PHOENIX — Picture a typical public school classroom: Rows of students facing a blackboard, with a teacher lecturing. It’s the same scene in 2011 as it was in 1911 – and, in a world of laptop computers, smartphones and iPads, it’s wildly out of date and ineffective. But that is changing.
In A Custom Education for Every Child: The Promise of Online Learning and Education Savings Accounts, Goldwater Institute Senior Fellow Dan Lips examines how technology can be combined with the newly created Education Savings Accounts to help parents create education solutions that challenge their children and help them prepare for the real world.
In 2011, the Arizona legislature adopted Education Savings Accounts, which give special-needs K-12 students state money for educational services tailored to their individual needs. The report calls on Arizona lawmakers to expand the savings accounts program to all Arizona students, and for legislatures across the country to adopt Education Savings Accounts for all students.
“By 2020, online learning is expected to rise dramatically, with about half of all high school instruction taking place online,” said Goldwater Institute Education Director Jonathan Butcher. “Schools must keep pace, and implementing and expanding Education Savings Accounts is one way to open these tools up to all students.”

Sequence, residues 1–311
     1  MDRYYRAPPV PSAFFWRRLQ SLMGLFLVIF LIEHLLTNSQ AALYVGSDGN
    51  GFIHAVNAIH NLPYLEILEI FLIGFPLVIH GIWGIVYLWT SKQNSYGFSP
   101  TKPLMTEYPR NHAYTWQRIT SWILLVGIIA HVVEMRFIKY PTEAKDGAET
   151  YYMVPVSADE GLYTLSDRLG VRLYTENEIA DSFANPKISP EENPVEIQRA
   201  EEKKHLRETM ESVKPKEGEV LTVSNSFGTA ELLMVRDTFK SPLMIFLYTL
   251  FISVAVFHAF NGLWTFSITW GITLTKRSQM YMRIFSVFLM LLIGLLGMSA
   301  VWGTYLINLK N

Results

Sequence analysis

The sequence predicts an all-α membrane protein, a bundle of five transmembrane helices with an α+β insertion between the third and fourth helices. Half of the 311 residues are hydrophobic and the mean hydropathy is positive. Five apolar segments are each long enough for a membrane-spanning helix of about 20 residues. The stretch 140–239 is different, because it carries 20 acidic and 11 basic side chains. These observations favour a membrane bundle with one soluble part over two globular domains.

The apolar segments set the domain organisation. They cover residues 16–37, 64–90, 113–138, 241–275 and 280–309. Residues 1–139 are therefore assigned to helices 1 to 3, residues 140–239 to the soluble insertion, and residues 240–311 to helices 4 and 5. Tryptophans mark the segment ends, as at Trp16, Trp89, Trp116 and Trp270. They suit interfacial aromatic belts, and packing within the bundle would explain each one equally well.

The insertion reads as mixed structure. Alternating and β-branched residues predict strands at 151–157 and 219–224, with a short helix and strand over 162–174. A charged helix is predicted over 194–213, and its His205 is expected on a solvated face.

Butcher added that the growth of online learning solutions changes the discussion of choice in education – the conversation moves from choosing a school to choosing individual services that specifically meet a student’s needs.
The breadth of digital learning programs extends from full-time online virtual schools to occasional online instruction that supplements a student’s traditional coursework. The benefits include improved academic achievement and a better overall learning experience for students.
One Arizona school is leading the way. In 2011, Carpe Diem Academy in Yuma was named one of the best high schools in the nation by U.S. News and World Report. Carpe Diem uses a “blended-learning” approach in which students receive half of their instruction from a computer-based learning program and half from a traditional teacher-classroom environment.
The Goldwater Institute is an independent government watchdog that develops innovative, principled solutions to issues facing the states.